His Generation pays tribute to Entwistle, a pioneer of rock

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The Independent Culture

The opening dates of a three-month American tour by the Who were cancelled yesterday after the death of John Entwistle, the bass player who helped to make the band part of rock history.

But the rest of the tour would go ahead "as a tribute" to Entwistle, who died in his sleep only hours before he was due to perform at the opening concert in Las Vegas, the band announced last night. The first concert will be at the Hollywood Bowl on Monday.

His son Christopher said: "He lived for music and will always live within the Who's music. This is what he would have wished."

Entwistle, 57, is thought to have suffered a heart attack in his room at the Hard Rock Hotel. A spokesman for the coroner's clerk said there was "nothing suspicious" about the death. Friends said he had been taking medication for a heart condition.

Flowers were placed outside the concert hall and music from the Who was played throughout the city as fans and fellow musicians played tribute to the quiet, bearded member of the legendary British band who was known affectionately as "Ox" or "Thunderfingers".

Pete Townshend, 57, and Roger Daltrey, 58, the two surviving members of the band who lost their drummer, Keith Moon, through a drug overdose in 1978, were said to be too upset to speak.

But in a message on Townshend's website, they wrote: "The Ox has left the building – we've lost another great friend. Thanks for your support and love. Peter and Roger."

Ray Manzarek, keyboard player for the Doors, said Entwistle was "one of the great, great rock'n'roll bassists of all time. He was a real genius". Other tributes were paid by Bill Wyman, formerly of the Rolling Stones, who said Entwistle was "the quietest man in private, but the loudest man on stage", and Noel Gallagher of Oasis, who said: "They don't make 'em like him any more."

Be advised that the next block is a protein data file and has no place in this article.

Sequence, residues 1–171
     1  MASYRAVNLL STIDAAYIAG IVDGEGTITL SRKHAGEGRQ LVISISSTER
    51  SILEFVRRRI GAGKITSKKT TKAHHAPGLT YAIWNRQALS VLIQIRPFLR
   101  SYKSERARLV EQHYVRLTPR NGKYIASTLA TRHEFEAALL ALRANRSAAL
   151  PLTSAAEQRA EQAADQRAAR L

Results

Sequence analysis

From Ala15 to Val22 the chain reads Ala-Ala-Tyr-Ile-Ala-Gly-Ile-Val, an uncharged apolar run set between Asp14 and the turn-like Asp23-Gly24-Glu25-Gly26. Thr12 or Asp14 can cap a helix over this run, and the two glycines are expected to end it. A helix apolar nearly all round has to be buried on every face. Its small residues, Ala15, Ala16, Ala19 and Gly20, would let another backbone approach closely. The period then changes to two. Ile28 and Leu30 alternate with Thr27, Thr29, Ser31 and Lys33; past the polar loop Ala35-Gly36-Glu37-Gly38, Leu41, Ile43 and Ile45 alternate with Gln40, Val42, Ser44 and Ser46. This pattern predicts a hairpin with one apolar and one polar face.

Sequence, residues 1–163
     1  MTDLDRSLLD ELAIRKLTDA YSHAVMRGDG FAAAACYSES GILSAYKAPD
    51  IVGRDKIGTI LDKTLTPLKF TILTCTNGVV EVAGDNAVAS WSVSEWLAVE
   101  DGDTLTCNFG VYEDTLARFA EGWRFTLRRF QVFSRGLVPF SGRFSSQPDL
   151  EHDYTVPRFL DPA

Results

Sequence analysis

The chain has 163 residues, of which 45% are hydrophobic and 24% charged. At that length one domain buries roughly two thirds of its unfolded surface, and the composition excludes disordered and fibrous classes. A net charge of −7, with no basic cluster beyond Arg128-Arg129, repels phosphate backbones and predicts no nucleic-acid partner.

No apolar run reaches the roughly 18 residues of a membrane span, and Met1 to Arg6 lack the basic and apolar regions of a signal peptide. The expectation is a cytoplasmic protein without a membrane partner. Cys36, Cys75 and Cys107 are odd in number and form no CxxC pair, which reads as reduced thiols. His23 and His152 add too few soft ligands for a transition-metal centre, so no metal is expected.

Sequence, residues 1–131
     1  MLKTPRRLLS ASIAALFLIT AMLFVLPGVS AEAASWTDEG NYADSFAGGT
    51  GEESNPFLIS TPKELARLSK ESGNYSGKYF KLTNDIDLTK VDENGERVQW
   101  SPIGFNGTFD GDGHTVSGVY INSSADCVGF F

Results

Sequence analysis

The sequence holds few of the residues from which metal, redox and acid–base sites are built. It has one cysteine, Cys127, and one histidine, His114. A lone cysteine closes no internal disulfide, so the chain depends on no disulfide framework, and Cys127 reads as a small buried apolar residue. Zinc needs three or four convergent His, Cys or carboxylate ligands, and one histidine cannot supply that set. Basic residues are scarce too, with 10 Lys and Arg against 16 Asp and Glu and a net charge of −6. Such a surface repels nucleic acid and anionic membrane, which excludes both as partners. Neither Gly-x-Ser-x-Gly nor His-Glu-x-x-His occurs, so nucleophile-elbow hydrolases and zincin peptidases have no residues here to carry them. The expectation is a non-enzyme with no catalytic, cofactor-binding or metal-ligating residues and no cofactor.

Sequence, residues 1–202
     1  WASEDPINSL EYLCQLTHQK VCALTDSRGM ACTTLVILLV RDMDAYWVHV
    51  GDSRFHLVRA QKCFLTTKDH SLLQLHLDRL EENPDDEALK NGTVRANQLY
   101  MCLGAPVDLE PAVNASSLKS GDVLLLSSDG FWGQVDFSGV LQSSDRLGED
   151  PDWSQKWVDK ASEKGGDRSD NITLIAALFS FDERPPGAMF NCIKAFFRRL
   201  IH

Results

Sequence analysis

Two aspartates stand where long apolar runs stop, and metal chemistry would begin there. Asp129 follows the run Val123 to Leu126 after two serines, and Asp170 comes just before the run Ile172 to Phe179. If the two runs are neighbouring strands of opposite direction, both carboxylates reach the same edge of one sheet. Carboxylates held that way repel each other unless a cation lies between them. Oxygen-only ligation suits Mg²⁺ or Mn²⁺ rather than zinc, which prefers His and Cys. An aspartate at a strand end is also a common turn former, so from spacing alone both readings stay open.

John Entwistle was born in London in 1944 and became interested in music at a young age, playing the piano, trumpet and tenor horn.

But his musical life went in a different direction after he discovered Duane Eddy and the guitar.

He, Townshend and Daltrey were all pupils of Acton County Grammar School in west London but only after leaving did they begin performing together in Daltrey's band, the Detours.

With the addition of Moon, they renamed themselves the Who and became known for loud, explosive performances and eventually entered the Guinness Book of Records for the loudest concert in history.

The Who's first hit came in 1965 with "I Can't Explain" followed later that year by "My Generation", probably the band's most celebrated track. It became an anthem for baby boomers with the immortal line "Hope I die before I get old".

A string of successes for the band followed, including the rock opera Tommy, an appearance at the Woodstock festival in 1969 and the film Quadrophenia. Entwistle wrote only one or two numbers, such as "Boris the Spider" and "My Wife" but Townshend once said the bass player's improvisation contributed as much lead material as he did. He was one of the first rock guitarists to experiment with the six- and eight-string bass.

Entwistle released Smash Your Head Against the Wall in 1971, the first of nine solo albums, but they never achieved the commercial success of the Who in their heyday of the late Sixties and Seventies.

His other interests including writing a novel, which was unfinished at his death, and painting. He had arrived early in Las Vegas for the opening of an exhibition of his work, which included cartoon-type portraits of himself and band members.